At 61 years young, José Feliciano has a lot going on. Born blind to a struggling family in Puerto Rico, the odds were against him, but Feliciano picked up the accordion at age seven, learning by ear from the few records he owned. At nine, he decided to play the guitar. Practicing as much as 14 hours a day, Feliciano mastered his skill as a guitarist, and he hit the coffeehouse circuit in his late teens. In 1966, RCA scouts heard him play at the Mar De Plata festival in Argentina. Impressed with his talent, they signed him right then. Feliciano’s first three albums were in Spanish, and Feliciano found his niche by taking old bolero songs he heard as a kid and putting his own unique, modern twist on them, instantly generating hits. Convinced it was time for an English-language hit, producer Rick Jarrad thought Feliciano should record his version of the Doors’ “Light My Fire.” It was a smash hit and became the best known cover of that song. Securing another place in history, Feliciano wrote and recorded what is now a Christmas classic, “Feliz Navidad.”
In 1968, Feliciano was the first artist to publicly perform his own version of the “Star Spangled Banner”—quite controversial at the time—but it became a Top 40 hit, equally unusual for a National Anthem. Another first for Feliciano was crossing over from Latin music to American pop. Besides performing, Feliciano wrote steadily (he and wife Susan penned the songs for the play The Ice Cream Suit), acted in TV shows, and hosted his own Connecticut radio show.
Known for his humanitarian projects (a school in East Harlem is named after him), today Feliciano is working on a new album and staying close to his family, a high priority in his life. Still, he tours regularly, and in 2007 released two new albums: José Feliciano y Amigos, an all-Spanish duet album with contributions from some of the top Latin artists such as Rudy Perez and Marc Anthony, as well as the intimate The Soundtrax of My Life, which is Feliciano’s most personal album to date. Although nearing retirement age, that word is not in Feliciano’s vocabulary at this time.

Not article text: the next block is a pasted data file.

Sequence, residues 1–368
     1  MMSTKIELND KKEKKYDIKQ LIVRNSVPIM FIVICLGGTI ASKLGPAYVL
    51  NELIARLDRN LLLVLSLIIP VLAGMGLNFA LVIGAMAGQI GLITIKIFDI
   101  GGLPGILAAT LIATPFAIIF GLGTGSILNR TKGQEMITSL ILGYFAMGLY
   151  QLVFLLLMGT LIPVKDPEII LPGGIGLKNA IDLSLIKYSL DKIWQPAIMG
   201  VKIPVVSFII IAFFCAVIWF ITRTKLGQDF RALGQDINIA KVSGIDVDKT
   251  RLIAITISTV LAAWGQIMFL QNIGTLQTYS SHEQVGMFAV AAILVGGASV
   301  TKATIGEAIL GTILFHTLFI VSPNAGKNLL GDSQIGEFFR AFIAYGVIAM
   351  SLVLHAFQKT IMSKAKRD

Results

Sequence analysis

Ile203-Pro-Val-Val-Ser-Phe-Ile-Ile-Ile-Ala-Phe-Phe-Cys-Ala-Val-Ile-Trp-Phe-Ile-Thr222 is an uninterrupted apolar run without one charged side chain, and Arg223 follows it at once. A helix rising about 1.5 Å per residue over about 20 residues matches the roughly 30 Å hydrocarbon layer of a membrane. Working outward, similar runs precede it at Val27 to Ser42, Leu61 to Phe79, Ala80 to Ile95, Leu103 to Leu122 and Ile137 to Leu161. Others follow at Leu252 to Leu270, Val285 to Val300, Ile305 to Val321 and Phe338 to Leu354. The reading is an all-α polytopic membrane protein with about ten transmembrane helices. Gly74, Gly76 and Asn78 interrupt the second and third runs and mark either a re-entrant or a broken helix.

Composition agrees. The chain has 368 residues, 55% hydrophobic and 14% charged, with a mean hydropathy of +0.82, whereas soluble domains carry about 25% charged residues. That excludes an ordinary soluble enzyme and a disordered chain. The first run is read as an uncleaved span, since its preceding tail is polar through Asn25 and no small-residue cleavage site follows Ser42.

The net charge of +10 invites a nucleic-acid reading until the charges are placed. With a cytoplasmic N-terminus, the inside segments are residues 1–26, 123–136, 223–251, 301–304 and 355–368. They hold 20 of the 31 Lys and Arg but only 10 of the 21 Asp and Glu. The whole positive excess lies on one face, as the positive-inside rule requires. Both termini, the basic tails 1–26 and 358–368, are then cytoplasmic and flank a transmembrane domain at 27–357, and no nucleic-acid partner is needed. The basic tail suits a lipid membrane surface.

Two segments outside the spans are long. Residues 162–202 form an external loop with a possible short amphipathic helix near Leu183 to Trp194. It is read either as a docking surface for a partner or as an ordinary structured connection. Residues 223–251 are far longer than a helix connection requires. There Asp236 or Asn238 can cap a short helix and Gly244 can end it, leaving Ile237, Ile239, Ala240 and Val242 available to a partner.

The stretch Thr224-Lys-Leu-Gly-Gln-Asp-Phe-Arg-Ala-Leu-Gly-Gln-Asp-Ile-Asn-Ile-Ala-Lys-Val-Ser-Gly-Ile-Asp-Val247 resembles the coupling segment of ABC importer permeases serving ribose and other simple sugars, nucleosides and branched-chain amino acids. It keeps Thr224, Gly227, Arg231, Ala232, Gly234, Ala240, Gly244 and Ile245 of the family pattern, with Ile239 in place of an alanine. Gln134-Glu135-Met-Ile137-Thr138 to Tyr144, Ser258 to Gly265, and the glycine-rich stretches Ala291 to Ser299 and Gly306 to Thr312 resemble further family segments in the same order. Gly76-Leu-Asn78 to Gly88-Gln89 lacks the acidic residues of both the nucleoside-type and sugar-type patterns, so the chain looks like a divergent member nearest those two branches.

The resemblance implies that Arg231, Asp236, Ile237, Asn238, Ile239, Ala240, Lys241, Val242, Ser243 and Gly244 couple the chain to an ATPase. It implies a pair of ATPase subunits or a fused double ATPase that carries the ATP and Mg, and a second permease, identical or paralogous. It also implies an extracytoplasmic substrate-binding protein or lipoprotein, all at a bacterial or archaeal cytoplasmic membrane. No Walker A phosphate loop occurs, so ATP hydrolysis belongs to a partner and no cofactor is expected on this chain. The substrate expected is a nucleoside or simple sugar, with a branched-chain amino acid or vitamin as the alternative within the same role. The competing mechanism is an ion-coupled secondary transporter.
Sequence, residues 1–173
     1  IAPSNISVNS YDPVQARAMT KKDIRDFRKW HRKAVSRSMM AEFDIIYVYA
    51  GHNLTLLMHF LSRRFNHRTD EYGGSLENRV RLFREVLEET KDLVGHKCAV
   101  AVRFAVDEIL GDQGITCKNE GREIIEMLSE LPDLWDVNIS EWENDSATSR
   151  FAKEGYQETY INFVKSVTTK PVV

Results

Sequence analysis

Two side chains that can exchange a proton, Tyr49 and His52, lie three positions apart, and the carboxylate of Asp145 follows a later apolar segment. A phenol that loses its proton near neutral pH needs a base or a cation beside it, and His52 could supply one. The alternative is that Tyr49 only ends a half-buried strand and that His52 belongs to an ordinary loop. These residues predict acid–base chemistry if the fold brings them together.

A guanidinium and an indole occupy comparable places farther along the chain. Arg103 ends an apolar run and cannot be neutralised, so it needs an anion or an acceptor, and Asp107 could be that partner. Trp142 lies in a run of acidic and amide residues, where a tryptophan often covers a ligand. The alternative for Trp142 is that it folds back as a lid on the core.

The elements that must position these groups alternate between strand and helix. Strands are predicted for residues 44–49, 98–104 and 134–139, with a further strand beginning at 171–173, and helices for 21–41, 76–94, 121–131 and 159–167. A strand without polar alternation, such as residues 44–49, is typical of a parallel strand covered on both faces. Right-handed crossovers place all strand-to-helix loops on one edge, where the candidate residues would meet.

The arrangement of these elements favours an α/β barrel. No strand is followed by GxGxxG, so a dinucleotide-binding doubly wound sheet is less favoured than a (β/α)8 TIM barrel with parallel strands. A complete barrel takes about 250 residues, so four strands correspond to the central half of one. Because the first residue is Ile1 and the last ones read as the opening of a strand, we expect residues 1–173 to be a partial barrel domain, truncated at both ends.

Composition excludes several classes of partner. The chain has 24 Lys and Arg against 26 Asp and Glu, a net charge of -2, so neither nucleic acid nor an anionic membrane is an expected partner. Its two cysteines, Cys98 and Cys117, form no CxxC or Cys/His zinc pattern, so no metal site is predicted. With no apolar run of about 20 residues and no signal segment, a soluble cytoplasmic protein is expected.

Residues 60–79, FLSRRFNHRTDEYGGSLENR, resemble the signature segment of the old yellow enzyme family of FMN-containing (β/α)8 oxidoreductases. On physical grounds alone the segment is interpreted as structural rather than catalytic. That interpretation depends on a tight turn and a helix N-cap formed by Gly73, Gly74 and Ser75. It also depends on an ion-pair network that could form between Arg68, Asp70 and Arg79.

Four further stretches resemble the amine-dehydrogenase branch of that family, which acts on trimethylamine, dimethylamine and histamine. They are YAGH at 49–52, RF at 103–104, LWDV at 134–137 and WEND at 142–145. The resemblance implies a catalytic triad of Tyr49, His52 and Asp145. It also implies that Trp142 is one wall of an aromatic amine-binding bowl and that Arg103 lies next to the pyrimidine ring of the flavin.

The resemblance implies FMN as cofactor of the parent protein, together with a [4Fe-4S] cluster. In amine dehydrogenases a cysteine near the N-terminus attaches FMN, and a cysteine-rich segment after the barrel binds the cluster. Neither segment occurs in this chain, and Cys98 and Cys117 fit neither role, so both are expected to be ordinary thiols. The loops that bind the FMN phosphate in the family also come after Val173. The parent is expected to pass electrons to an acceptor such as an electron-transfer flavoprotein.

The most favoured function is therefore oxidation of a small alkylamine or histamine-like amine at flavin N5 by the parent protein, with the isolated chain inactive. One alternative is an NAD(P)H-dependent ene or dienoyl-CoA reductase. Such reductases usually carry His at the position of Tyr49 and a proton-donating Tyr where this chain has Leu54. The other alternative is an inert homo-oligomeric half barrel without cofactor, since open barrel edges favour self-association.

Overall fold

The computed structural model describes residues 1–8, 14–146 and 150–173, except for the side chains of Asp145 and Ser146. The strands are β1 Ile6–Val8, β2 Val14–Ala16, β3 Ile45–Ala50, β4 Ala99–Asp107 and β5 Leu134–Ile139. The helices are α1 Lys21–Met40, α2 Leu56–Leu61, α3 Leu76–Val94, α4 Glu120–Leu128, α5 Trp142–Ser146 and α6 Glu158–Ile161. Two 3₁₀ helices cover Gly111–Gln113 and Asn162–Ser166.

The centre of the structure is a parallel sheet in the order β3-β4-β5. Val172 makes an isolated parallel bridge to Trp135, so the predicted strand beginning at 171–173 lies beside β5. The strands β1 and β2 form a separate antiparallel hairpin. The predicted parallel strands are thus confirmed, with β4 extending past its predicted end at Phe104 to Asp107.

Born in Autlan de Navarro, Mexico, Carlos Santana, son of a Mariachi violinist, followed his father’s musical bent and picked up a violin at five. When his family moved to Tijuana, Carlos, then eight, turned to the guitar, and ultimately launched a new branch of American music.
Initially emulating blues icons like John Lee Hooker and B.B. King, Santana honed his chops. In 1961 the Santana family moved to San Francisco where, after graduating from high school in 1966, Carlos formed the Santana Blues Band. The band fused his early blues influences with the rhythms of his Latin roots. By the end of the ’60s, Santana the man and Santana the band carved out a significant role in the defining San Francisco music scene, and by June 1968 were playing Bill Graham’s Fillmore West. In September, Santana joined Al Kooper for a follow-up to the Kooper/Mike Bloomfield/Steven Stills Super Session album, and made his recording debut with The Live Adventures of Mike Bloomfield and Al Kooper.
The original group broke up, but Carlos retained rights to the name, and the band—now called simply “Santana”—consisted of Carlos and constantly changing sidemen. He recorded a live show with drummer Buddy Miles, Carlos Santana & Buddy Miles! Live! (1972), which reached the Top Ten and eventually went platinum.
Santana released a series of gold or platinum albums nearly every year between 1972 and 1987, and won a Grammy for Best Rock Instrumental Performance (1987), but then spent almost five years away from recording, returning in June 1999 with Supernatural. Featuring many tracks co-written by guest stars such as Rob Thomas of Matchbox Twenty and Eric Clapton, the album became his biggest hit to date, selling about ten million copies and winning eight Grammys.